Studio Acoustic Treatment

When I first started podcasting, we were recoding up in our kitchen, which is a pretty large, open space.

However, since we use condenser-type microphones (which are very sensitive) we were picking up the neighbors’ dogs barking, lawns being mowed, kids jumping on trampolines, and so on.

Even once I learned to turn the gain way way down, and then normalize the audio later in REAPER, we would still get comments from listeners wondering why their neighbors were mowing their lawns at 2AM while they were listening to our show.

So we moved recording down to the basement, and froze with the furnace turned off so we didn’t have to hear the thunder of it running on all our recordings.

In the summer of 2009, I spent the summer finishing half of our basement into two bedrooms, one of which was to be the new recording studio.

It was quite a project, and I just kept thinking “It will be so nice to record in here once it’s well-lit and quiet and warm!”

So I cried a little when the first time we recorded in the new space it sounded like I was recording inside a submarine, and not in a cool Beatles way.  Worse than the lawnmower!

No matter how low I turned down the gain, it was still super-reverby.

For vocals in a song, that can be a good thing (Weird Al famously recorded “Another One Rides the Bus” in a college bathroom), but for spoken word where clarity is king, it was disaster.

So we recorded out in the unfinished part of the basement while I tried to figure out what to do.

First, I tried building panels using the Auralex foam that you can buy at most music shops.  Zzounds.com actually sells it by the square, so I bought about 15 of them and tried to use them in various ways to reduce the echo.

They didn’t help.  Made it worse in many ways.  I think that foam may be good for soundproofing, but it was utterly ineffective for me in reducing reflections (echo) in a 10’x12′ room.  I’ve seen people cover every surface in a room with the stuff, and they seem to be happy, but that wasn’t an option, as I didn’t want to record in a closet and couldn’t afford $3k worth of squares and nothing else in the room.

I noticed that many products marketed at reducing reflections for vocals were made of something else, which looked more like burlap membrane rather than foam.  Products like the Reflexion filter, which aren’t cheap, but actually (based on reviews) work.

However, that would mean talking into a black wall (assuming both hosts had one), and for podcasts, it works a lot better if there is eye contact for people in the room.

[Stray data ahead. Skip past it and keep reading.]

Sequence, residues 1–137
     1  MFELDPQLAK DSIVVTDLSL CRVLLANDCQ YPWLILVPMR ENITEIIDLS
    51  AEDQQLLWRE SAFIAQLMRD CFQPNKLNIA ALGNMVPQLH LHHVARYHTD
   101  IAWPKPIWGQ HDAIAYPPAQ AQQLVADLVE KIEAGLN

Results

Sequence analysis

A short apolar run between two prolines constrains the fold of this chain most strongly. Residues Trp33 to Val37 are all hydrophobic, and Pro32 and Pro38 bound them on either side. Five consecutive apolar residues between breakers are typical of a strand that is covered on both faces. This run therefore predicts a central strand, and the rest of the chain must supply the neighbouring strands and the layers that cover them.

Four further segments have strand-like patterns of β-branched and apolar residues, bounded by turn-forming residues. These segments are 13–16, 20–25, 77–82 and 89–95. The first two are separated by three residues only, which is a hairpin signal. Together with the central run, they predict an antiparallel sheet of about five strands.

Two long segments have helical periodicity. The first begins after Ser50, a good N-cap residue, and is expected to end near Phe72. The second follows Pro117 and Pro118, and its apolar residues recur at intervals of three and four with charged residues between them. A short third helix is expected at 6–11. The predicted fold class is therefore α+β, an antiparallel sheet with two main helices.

Not to mention that you’d have to buy more of them if you ever wanted to record more than two people, and you get “best results” if you put one both in front of, and behind the speaker.

I was starting to despair that I’d spend a good amount of time and money to build a warm cozy space to record in, only to never be able to use it. Perhaps that’s why musicians tend to do their best work when living in vans down by the river?

Anyway, I researched and researched, and eventually found RealTraps.

Same sort of membrane material as the Reflexion filter, but in steel-framed panels that you can place about a larger room, and then move about as you need.

But they are expensive. Even with the newly-available “BareTraps“, which are $125 each, enough to completely cover my room would be well over $2k.  But they seemed like the best option, so I went for it, and ordered a pair of the bass-frequency absorbing ones for the corners, and the “High Frequency” ones for the rest of the walls.

They work. I won’t lie, there is still echo in that room. I’ve just ordered four more to cover the other two corners and the backs of the doors, but even with the ones I have in there, which do NOT cover every surface, the reflections are so reduced that it actually feels a little weird to be in the room some times because it’s so quiet.

I have standard acoustic tiles in the ceiling right now, and a hardwood floor, neither of which is really helping the situation. So a large rug is next.

RealTraps makes ceiling tiles that I may eventually use to swap out the standard ones that I have, although I also might try just hanging more Baretraps from the ceiling…

Anyway, things are sounding better every day in the Rock Lab (as I’ve christened it), and I encourage you to try real membrane-based traps rather than just MORE FOAM!

Comments are closed.